Pressure of ‘chokers’ tag got to us – South Africa coach

JOHANNESBURG, (Reuters) – The pressure of the  “chokers” tag caught up with South Africa and caused them to  lose composure in their shock World Cup quarter-final defeat by  New Zealand, coach Corrie van Zyl said on Sunday.
South Africa, despite invariably showing superb form in the  early rounds, have never won a knockout game at the World Cup.  This time was no different as after losing just one match to top  Group B, they lost a fifth successive knockout game on Friday.
“Pressure is obviously a major thing in the World Cup and in  the knockout rounds, especially because you know it’s your last  opportunity,” Van Zyl told a news conference in Johannesburg.

Corrie van Zyl
Corrie van Zyl

“It’s important to keep your composure and we weren’t able  to do that. Maybe it was the burden of previous generations that  caused us to lose composure.
“The opposition see every opportunity to use the word  ‘chokers’ on and off the field for one reason: to get at us  mentally.
“But when our own fans keep reminding us of the past, it  doesn’t provide motivation, it just brings extra pressure. We  need to deal with this in a different way as a nation, we need  to stick together.”
South Africa were 108 for two chasing what should have been  a manageable 222 but they then crumbled and were bowled out for  172 in Dhaka on Friday.
“The pressure all starts building up, the players always get  reminded of the past,” said Van Zyl. “Most of this squad were  not part of the previous World Cup defeats, but the people make  them a part of it.”

GOOD CRICKET
The Dhaka defeat was especially bitter for Van Zyl, who was  an assistant coach at the 1999 World Cup, when South Africa were  eliminated by Australia, and at the 2003 event they hosted.
“It’s hard to describe the disappointment the players went  through. I’ve been part of three changeroom moods like that now.  It will hurt for a long time,” Van Zyl said.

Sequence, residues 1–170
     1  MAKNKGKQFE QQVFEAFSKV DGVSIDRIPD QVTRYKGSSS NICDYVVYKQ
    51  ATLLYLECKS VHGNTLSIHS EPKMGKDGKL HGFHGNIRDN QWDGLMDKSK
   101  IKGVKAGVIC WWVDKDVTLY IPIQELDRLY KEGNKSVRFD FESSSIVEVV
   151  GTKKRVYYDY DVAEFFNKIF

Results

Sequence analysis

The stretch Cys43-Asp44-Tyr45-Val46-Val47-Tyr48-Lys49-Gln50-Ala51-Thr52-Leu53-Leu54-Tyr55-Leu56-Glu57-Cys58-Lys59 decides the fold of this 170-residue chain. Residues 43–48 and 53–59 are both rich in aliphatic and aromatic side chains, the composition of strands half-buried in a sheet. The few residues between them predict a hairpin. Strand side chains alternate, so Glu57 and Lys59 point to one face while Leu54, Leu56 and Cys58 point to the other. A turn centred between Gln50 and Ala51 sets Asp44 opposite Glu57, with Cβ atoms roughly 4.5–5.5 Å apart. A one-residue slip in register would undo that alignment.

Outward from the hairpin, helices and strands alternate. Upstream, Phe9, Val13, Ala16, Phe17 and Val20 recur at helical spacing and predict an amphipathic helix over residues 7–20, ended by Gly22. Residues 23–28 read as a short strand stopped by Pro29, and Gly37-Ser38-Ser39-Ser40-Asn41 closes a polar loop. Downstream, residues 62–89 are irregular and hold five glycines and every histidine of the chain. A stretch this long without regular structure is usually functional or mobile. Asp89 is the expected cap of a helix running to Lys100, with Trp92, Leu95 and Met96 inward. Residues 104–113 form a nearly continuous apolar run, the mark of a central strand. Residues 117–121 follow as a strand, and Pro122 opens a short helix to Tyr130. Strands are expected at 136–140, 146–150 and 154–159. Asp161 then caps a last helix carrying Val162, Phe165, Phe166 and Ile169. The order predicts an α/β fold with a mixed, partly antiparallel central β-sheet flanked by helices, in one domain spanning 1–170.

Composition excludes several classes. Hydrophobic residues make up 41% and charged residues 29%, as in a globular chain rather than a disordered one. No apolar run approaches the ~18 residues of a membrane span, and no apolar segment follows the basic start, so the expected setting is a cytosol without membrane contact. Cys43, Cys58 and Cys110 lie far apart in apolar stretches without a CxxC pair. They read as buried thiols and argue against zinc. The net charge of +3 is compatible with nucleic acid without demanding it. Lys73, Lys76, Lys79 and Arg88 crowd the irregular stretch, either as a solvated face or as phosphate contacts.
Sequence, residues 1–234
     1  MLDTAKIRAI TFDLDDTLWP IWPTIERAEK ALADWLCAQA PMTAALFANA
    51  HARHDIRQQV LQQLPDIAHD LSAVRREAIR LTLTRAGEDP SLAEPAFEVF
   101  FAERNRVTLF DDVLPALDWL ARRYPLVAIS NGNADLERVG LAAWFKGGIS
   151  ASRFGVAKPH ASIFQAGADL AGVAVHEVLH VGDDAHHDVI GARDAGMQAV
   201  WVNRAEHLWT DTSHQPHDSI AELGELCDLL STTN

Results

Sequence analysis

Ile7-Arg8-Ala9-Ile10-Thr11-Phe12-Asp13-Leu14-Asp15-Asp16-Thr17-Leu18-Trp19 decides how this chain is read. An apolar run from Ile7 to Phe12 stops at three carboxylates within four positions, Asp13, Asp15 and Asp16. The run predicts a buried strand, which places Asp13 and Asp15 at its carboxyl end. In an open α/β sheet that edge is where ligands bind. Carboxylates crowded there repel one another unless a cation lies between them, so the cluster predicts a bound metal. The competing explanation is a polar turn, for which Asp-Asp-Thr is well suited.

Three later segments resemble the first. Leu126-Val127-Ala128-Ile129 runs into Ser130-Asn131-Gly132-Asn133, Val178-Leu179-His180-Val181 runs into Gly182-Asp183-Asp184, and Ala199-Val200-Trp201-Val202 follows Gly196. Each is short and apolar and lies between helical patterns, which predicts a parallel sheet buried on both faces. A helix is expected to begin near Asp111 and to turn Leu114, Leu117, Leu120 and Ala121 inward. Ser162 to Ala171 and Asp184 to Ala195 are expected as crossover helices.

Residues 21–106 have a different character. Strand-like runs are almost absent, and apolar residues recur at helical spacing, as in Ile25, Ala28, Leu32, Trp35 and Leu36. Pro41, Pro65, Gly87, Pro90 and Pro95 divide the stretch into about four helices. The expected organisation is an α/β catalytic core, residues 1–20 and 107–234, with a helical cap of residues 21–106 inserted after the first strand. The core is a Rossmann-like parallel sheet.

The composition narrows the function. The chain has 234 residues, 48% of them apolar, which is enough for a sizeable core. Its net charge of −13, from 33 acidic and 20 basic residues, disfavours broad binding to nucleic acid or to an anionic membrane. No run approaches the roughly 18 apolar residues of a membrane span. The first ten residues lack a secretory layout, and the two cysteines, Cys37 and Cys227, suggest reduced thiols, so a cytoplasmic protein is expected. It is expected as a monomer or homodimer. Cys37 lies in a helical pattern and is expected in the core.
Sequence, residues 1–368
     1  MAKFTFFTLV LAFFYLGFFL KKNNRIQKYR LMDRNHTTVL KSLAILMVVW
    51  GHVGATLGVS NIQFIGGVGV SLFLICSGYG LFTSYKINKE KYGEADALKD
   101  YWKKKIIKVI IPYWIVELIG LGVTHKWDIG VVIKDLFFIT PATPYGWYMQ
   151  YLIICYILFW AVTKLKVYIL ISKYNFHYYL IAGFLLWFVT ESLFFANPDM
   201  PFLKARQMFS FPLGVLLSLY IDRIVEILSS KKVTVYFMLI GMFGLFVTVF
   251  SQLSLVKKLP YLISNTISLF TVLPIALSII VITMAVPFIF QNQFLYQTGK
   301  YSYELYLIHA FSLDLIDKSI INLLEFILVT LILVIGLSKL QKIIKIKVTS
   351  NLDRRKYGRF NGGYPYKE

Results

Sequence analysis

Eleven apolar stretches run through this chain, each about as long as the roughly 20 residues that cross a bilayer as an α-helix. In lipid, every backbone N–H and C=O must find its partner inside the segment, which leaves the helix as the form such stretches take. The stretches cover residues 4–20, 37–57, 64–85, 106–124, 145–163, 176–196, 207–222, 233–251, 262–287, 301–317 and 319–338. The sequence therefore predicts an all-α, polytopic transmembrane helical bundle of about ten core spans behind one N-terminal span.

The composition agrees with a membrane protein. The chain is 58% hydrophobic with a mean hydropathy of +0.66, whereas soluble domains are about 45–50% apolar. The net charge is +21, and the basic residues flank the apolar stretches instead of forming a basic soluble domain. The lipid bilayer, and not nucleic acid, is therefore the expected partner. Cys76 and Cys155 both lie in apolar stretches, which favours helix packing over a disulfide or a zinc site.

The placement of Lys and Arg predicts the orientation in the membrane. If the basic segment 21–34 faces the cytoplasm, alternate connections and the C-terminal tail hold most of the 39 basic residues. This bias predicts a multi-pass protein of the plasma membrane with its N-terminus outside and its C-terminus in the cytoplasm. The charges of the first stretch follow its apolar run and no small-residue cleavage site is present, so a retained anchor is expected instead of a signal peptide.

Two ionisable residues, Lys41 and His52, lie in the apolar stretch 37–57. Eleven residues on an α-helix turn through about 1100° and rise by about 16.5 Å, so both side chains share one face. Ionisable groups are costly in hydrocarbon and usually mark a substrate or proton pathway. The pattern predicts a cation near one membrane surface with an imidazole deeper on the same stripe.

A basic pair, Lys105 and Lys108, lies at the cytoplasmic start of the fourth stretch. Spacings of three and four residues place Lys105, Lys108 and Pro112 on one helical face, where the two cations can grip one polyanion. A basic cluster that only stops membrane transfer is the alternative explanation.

The coach dismissed suggestions the make-up of South  Africa’s squad was wrong.
“I don’t think we needed anyone else apart from the 15  players we had there,” he said.
“For those conditions, it was the right 15, without  question, and it was proven right through the World Cup. We  played some seriously good cricket, barring 10 overs on Friday  night.
“In hindsight, I would have prepared the same way and had  the same personnel.”
The 49-year-old former fast bowler believed the current  squad still had it in them to win a future World Cup.
“There’s a new team culture, they’re definitely taking a new  direction and there’s no question they will be number one in the  future and they will still win the World Cup if we all work  together,” he said.
“There’s a lot of talent in the team, it’s important to keep  it together, and all that experience and the lessons they have  learnt should stand them in good stead.”
Van Zyl will now exit the coach’s role and return to his job  as Cricket South Africa’s high performance manager. The  governing body will consider the applications for his successor  over the next fortnight, team manager Mohammed Moosajee said.

Around the Web

Comments